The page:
The term stars on Dancing With the Stars never applies to the brilliant dancers, who rightly deserve the appellation. Instead, in this inverted, upside-down world, the stars are the people with no background or ability, who are propped up and allowed to pretend they are dancers. True, some are pretty good, but the real fascination of the show is with the people who are so obviously NOT dancers — people like former representative Tom DeLay, Energy Secretary Rick Perry, and former teen mom and abstinence activist Bristol Palin, all of whom have been contestants. Much of the entertainment value of DWTS derives from the unlikeliness of these folks on a ballroom floor: their ungainliness, the constant threat of their humiliation, the precariousness of it all.
This reveals precisely how Trumpville works. People with no training, expertise, or particular ability came into power and for a long time were propped up by the vast team of professionals who serve in government. Alas, those people are being steadily fired or are leaving en masse. (Among hundreds, we could cite the resignations of Jim Mattis and John Kelly, or the recent decimation of the USDA’s entire staff of scientists.) In their wake, we are left increasingly praying that rank amateurs (judges who’ve never tried a case, clueless Cabinet secretaries, etc.) can keep the ship of state afloat. As desperate as this situation is, could it be that we also find it — gulp — entertaining? Does it tap into the same impulse that makes DWTS a success?
I think the answer is yes. A show like DWTS not only confirms but encourages our tendency to find recreation in watching amateurism promoted above talent, ability, and training. It reinforces, wittingly or not, the part of America’s psyche that disdains “experts,” which conflates the admiration of merit and training with snobbery or elitism. But it is not “egalitarian” or “democratic” to lose the ability to discern and admire excellence and talent, just as it is not helpful to give every student an A or every child a prize regardless of performance. It is in fact dangerous to stop admitting the existence of skill and competence.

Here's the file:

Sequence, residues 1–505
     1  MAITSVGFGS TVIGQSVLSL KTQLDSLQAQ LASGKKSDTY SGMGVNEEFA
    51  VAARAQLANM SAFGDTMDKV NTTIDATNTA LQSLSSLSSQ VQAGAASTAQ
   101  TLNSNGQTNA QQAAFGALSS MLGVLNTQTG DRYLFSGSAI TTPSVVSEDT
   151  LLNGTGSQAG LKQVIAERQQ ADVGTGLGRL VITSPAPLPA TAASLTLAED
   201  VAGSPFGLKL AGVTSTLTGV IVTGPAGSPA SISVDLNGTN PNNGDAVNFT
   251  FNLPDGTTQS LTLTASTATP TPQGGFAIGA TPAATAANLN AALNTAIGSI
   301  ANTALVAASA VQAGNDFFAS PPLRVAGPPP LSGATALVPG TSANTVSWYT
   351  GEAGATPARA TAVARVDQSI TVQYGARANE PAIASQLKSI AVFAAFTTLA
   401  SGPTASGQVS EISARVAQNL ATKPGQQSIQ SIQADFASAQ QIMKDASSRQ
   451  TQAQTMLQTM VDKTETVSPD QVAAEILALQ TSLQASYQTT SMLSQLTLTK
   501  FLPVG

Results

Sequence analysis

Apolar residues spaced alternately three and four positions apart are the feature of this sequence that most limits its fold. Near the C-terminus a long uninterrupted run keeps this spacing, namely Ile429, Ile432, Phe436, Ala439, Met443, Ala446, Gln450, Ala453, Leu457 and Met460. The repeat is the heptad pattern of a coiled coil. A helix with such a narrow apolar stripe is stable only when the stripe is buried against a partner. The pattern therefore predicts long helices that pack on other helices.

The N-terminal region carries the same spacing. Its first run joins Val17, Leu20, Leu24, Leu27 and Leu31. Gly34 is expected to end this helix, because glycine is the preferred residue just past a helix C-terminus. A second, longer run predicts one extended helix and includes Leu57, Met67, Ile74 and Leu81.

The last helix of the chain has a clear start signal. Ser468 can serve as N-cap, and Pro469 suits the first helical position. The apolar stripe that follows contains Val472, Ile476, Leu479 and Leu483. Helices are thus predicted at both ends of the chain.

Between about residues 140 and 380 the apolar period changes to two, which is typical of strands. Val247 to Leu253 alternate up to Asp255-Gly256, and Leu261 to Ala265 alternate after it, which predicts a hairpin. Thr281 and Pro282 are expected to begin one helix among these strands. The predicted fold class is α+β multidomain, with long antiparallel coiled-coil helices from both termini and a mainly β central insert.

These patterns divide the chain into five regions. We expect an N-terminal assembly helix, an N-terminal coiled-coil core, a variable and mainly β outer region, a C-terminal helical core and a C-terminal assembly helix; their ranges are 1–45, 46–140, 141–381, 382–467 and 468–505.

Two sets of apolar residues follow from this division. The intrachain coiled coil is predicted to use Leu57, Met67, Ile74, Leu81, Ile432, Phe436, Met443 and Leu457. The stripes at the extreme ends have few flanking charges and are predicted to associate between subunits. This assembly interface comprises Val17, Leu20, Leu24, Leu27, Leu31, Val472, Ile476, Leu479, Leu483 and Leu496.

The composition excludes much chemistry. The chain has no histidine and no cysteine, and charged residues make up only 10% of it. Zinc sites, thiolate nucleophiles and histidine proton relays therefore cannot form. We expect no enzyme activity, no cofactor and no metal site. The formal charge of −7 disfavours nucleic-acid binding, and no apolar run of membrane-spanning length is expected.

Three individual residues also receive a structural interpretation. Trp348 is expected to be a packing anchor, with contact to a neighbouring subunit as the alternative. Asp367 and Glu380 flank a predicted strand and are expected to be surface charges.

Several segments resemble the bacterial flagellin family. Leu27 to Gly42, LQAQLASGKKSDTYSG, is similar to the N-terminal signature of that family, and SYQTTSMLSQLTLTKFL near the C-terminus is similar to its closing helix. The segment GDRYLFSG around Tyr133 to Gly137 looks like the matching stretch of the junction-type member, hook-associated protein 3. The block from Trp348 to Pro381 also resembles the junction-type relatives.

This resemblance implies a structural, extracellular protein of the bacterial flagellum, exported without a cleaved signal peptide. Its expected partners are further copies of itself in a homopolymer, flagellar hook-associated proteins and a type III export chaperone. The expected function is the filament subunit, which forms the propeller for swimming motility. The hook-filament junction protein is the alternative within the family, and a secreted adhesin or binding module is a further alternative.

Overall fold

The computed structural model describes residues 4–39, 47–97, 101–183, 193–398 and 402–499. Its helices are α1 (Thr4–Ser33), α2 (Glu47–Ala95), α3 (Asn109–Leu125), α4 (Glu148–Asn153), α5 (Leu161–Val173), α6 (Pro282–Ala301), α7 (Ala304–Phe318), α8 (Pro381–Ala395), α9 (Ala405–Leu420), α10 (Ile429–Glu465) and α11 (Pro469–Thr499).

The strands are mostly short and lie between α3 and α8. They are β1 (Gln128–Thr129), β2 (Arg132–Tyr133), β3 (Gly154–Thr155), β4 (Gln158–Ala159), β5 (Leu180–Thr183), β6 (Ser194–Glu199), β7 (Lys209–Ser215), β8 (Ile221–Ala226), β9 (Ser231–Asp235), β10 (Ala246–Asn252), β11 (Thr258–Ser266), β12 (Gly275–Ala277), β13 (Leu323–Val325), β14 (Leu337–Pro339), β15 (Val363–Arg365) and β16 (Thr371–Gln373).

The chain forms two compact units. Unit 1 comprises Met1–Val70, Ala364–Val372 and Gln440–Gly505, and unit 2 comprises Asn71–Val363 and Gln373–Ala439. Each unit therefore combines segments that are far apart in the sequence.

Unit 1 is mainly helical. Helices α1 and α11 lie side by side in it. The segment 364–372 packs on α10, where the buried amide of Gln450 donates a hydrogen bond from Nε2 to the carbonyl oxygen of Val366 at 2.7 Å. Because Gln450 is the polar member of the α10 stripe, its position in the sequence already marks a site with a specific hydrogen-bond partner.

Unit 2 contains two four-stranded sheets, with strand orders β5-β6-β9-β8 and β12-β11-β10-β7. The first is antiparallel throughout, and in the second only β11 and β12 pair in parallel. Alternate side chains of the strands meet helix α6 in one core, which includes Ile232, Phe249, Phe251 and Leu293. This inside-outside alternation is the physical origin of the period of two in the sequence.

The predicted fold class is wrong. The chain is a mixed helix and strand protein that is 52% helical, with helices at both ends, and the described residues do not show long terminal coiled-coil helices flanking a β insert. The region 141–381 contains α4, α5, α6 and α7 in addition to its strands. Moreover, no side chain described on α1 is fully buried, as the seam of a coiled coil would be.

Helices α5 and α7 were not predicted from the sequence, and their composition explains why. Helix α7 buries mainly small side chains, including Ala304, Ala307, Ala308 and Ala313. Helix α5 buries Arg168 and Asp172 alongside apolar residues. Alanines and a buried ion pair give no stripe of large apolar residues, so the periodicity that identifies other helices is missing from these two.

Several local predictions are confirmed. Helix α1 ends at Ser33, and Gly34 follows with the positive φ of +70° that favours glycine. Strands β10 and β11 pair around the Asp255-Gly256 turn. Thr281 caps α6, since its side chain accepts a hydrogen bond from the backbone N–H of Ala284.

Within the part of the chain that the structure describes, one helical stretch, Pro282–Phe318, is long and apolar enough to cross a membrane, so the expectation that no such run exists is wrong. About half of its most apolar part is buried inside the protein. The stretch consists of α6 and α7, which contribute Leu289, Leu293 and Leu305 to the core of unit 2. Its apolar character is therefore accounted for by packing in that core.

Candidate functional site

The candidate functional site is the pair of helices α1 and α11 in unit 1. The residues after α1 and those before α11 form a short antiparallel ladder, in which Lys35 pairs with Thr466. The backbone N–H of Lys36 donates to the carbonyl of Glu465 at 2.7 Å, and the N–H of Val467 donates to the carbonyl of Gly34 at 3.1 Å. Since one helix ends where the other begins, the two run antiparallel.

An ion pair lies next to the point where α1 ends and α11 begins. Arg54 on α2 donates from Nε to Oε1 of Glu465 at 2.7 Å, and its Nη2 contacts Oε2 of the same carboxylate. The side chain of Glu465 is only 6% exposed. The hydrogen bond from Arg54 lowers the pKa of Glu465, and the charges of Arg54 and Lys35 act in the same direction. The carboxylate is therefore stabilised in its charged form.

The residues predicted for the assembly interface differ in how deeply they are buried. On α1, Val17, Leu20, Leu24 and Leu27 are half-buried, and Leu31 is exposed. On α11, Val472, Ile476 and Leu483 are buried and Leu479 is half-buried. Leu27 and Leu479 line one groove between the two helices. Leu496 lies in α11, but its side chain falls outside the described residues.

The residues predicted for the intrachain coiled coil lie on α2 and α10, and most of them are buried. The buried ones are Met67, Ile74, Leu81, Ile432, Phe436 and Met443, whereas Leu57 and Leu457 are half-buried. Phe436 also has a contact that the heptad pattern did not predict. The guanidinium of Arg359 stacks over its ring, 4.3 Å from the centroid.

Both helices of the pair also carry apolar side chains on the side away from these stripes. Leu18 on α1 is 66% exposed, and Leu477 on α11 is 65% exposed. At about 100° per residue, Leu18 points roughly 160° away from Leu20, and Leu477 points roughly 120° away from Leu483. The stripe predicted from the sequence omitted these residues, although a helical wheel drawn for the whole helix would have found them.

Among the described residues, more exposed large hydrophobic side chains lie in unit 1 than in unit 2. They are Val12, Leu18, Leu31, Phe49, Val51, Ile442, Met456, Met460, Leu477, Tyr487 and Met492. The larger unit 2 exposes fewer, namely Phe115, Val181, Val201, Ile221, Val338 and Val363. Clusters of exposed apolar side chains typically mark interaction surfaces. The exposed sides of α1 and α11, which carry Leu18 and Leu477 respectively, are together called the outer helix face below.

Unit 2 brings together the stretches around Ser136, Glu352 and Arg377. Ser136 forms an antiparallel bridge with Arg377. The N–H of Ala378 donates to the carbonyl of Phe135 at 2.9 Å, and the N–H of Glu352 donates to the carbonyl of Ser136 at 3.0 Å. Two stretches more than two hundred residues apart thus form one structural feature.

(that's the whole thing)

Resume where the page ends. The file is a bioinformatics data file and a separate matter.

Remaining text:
Trump’s being president at all is proof of this. As is the fact that the government has slowly been stripped of most of its experts. And the fact that we keep discussing the “likability” of presidential candidates instead of assessing their credentials. Perhaps, too, as with Dancing With the Stars, we are perversely fascinated by the ever-present possibility of total disaster — the crash and burn. But this is a catastrophic impulse we must resist, for indulging it in matters of high-level politics, such as selecting a president, could cause casualties far more dire than a botched tango or pulled muscle.
It’s fun to watch Dancing With the Stars, but you wouldn’t fire the entire New York City Ballet company and replace it with the cast of World Wide Wrestling. Yet, in a sense, that is what we have done with our democracy. The American citizenry is now watching our country’s reputation disintegrate and its moral compass collapse, while our nondancer president tries vainly to convince us he is Fred Astaire. Watching the hapless Spicer cha-cha will be far too close a reminder of this other terrible scenario unfolding in our government. Spicer’s dance gig, that is, creates a microcosm of a far graver casting error happening on a far vaster scale. No wonder we’re all so upset.